Monday, February 17, 2014


I used to work with someone who estimated any activity would take 20 minutes. We would invite her over, and she would say, "Okay. I'm leaving home now, and I'll be there in 20 minutes." Her house was near the university where I was working on my Master's degree. On a good day, it would take me 40 minutes to get home from there, but her estimate was half that. If I was trying to compile a report that  required her input, she would say that I would have it in 20 minutes. I would simply smile. I liked her positive thinking, but I think she's the reason I really learned how to think exponentially.

Three weeks ago, I announced my plan to redesign the Secret Garden. I mentioned that I thought it would take me four weeks to complete. I'm now thinking I should revisit exponents. The plan may well have taken only four weeks had I just gone out and bought everything already built, plants already grown to full size. As is all too often the case with me, though, I couldn't stomach the thought of paying more than $30 for a planter. I couldn't imagine paying $8 (after coupon) for a grapevine ball. I wanted plants that are almost impossible to find and have to be grown from seed. So let's just say that I won't be revealing a completely redesigned Secret Garden next week. I have quite a bit more work to do.

Here's what I've done so far. I have made progress with the path. I've been slowed a bit by the discovery that the 12" pavers I purchased three years ago are no longer to be found in stores. I'm still pondering how to deal with this, but it may come down to me pouring pavers of my own. The upside to this is that it will be considerably cheaper, and by now, you all know that this pleases me.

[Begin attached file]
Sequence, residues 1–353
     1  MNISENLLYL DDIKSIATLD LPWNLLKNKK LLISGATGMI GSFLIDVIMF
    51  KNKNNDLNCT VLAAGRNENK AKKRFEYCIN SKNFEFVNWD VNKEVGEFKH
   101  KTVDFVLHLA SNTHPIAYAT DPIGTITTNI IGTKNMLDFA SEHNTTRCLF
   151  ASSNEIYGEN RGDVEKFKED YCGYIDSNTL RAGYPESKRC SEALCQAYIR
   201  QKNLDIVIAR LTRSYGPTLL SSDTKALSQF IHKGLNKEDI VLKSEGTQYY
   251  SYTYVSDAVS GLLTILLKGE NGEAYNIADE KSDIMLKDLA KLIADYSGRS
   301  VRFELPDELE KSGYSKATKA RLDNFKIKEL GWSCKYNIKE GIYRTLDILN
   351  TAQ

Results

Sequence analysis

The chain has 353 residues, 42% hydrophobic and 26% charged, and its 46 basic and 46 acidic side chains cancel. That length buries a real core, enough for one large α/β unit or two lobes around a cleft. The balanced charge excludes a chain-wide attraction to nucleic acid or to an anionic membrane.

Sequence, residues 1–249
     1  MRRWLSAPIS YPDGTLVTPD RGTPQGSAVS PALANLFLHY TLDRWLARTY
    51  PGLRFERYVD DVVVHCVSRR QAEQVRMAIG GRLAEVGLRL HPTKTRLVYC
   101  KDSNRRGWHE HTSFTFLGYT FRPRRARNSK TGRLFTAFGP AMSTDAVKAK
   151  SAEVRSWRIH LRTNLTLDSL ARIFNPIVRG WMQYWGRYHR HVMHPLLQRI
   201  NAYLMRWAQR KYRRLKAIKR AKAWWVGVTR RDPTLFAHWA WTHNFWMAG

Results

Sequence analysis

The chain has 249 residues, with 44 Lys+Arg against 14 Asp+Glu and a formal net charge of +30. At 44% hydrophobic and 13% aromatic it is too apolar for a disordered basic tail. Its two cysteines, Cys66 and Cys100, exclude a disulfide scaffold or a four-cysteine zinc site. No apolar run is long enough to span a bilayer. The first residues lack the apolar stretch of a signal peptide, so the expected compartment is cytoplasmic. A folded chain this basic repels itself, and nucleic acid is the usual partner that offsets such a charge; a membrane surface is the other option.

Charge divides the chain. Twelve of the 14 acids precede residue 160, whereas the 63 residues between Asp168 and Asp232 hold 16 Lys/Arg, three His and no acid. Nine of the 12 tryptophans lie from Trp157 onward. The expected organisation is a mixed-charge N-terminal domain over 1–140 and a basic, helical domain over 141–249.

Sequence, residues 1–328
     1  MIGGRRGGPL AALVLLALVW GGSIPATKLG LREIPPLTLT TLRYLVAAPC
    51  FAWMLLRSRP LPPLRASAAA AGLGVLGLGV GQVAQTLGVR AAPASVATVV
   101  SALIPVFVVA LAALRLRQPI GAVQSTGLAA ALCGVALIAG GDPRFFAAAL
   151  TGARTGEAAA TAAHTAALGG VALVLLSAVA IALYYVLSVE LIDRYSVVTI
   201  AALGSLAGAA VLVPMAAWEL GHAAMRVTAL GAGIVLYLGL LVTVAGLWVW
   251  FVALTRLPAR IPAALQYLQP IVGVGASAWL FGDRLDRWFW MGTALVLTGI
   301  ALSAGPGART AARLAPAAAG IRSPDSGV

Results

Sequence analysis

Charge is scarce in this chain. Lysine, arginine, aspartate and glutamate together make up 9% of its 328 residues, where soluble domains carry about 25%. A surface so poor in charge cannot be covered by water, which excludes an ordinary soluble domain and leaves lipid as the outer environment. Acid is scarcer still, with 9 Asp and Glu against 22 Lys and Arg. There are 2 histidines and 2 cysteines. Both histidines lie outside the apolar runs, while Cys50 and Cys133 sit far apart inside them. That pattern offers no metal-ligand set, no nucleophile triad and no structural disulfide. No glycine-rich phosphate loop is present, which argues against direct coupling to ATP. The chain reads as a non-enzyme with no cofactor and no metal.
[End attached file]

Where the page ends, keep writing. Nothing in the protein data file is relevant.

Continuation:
75% complete

I've dug up and relocated quite a few plants, which means that part of the planting plan is coming together. I've also placed one of the planters.

One planter has found its new home
I had to do a little triage with my trellises. They've always been a bit wonky, so I decided that I would attach them to one another to ensure that they would remain even. When I pulled the first one out of the ground, I discovered that it had left one of its legs behind. The rest of the trellis was showing signs of cracking, so I stained it and its twin to match the arbors and give them a longer life. I'm pretty pleased with the transformation because it creates symmetry with the blue arbors at either end of the garden and the blue wall of the house opposite the trellises.



Finally, I'm conducting a bit of an experiment. I want to use Germander as a low, clipped hedge. Most people I've spoken to haven't heard of Germander. It's part of the mint family. Since it's so obscure, I had to order seeds. Again, the upside to this is that I paid only $4.50 for them and could ultimately grow hundreds of plants. The downside is that they've taken 14 days to germinate, which means that they're just wee little fellas right now and are likely to remain so for a while.

Let me introduce you to Germander

So that's where I stand at this point. With each successive post to this blog, I am noticing the compounding of a theme, not of my creation, that resounds week after week. It makes me think of Matthew Arnold's "Dover Beach," with one minor revision:

Listen! you hear the grating roar
Of pebbles which the waves draw back, and fling,
At their return, up the high strand, 
Begin, and cease, and then again begin,
With tremulous cadence slow, and bring
The eternal note of [patience] in.

And so, here continues the lesson. I estimate it may take considerable time to reach that goal. The garden will likely be finished much sooner.


  1. I love those trellises! How beautiful - the blue is a gorgeous pop! One thing I'm having to learn is to be realistic in my expectations when it comes to my goals - with writing, with crafting, with everything. That patience that it requires is hard to come by when I just want to do ALL THE THINGS right now.

    So, you know, solidarity.

    1. I find comfort in visualizing your raised fist!